The Good Creation fell into sin. This is the story of original sin. We confess it but cannot explain it. For we must start where the Bible starts. It reveals the historical beginning of sin and evil but not its behind–the–scenes origin. Yet Christian thinkers struggle with this problem.

Two biblical presuppositions must govern such theological reflection. First, Scripture affirms creation’s pristine goodness. Sin and evil cannot claim creaturely status. They are not realities. The Makers handiwork was “Very good” (Gen. 1:31). Second, is the Creator responsible, for this downfall? No, for “in him is no darkness at all” (1 John 1:5). Reformation creeds echo this note: God is “by no means” and “in no sense” its cause. No third possibility exists. The originating sin remains an unfathomable mystery. This is the end of the matter. But no.

Three major theories have emerged, “explaining” original sin as the effect of some prior, deeper cause, Monist theories trace it back to the divine decrees. As God acts “right–handedly” to do good, God is also involved “left–handedly” in evil, Both arise from an ultimate divine principle. Dualist theories trace it to two deities—the God of light and an anti–god of darkness. World history is a power struggle between them. Demonic theories point an accusing finger at the devil. The devil becomes our “scapegoat.”

All such “explanations” are exercises in futility. They only push the problem a step back into the hidden unknown. Every theodicy of sin ends in speculation. The biblical account is our only starting point: “In Adam’s fall we sinned all” (New England Primer; Rom 5:12–21).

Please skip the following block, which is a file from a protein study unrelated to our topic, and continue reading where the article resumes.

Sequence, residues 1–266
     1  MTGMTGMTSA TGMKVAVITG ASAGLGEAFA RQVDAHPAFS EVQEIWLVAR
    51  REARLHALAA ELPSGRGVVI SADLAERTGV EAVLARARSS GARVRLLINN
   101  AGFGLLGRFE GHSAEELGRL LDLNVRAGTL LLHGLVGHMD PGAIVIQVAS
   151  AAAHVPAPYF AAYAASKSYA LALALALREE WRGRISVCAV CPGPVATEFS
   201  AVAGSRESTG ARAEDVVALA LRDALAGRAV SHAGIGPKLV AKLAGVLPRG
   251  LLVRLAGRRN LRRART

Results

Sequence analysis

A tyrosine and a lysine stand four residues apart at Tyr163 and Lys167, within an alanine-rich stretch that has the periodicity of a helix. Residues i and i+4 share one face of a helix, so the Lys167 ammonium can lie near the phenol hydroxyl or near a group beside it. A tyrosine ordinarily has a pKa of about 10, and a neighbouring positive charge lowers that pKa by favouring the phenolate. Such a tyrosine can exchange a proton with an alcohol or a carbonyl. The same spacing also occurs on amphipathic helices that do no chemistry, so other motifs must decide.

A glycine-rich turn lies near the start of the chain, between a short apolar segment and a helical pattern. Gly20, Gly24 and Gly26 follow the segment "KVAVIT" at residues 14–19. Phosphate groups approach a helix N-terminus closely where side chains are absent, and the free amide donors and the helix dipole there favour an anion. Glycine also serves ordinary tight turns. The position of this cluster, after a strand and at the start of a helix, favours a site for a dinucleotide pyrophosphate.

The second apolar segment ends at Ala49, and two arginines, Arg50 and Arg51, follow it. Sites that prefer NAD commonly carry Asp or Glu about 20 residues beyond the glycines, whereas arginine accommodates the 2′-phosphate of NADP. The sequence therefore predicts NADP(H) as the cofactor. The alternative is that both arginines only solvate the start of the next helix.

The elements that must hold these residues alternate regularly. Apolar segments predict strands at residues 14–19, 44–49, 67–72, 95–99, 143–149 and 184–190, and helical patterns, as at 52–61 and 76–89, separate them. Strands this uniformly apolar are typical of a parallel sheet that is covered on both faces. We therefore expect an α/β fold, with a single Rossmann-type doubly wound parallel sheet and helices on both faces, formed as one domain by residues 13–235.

The momentous event in Genesis 3 is our ultimate witness to the sin behind all sins. There Adam, With Eve, acting vicariously as covenant head of humanity, failed the probationary test, broke the covenant, and brought God’s judgment down upon every creature. We fell from the sate of uprightness into condemnation. Our sinfulness is a settled issue. Adam’s decision was also ours, made for us, but not apart from us. This is our existential predicament.

The transmission of guilt addresses the question, How are we implicated in that Original sin? By imitation, Pelagius and his followers answer. Adam’s act of disobedience set a bad example which all persons habitually emulate. By propagation, according to Augustinians. Sin is transmitted by heredity from generation to generation. By imputation, Calvinists hold. Adam acted representatively for us. We now share vicariously in the righteousness of the last Adam as an atonement for our vicarious participation in the unrighteousness of the first Adam. Contemporary views appeal to the theory f evolution, viewing sin and evil as remnants of a primitive stage in our development.

The effects of original sin are evident in personal and corporate rebellion against God, broken human relations, and abuse of the cosmos. As to legal Status, we are guilty; as to condition, polluted. Our sinful nature issues in actual sins. sins. Only in Christ is there now “no condemnation” (Rom. 8:1).


H.Berkhof, CFI L. Berkhof, Systematic Theology (4th rev. and enl. ed. 1949); G. C. Berkouwer, Sin (1971); Weber, Fd. vol.1.

CFI Hendrikus Berkhof, Christian Faith: An Introduction to the Study of the Faith, rev, ed. (Grand Rapids: Wm. B, Eerdmans Publish ing Co., 1986)

Donald K. McKim and David F. Wright, Encyclopedia of the Reformed Faith, 1st ed. (Louisville, Ky.; Edinburgh: Westminster/John Knox Press; Saint Andrew Press, 1992), 264.

© 2010, Matt. All rights reserved.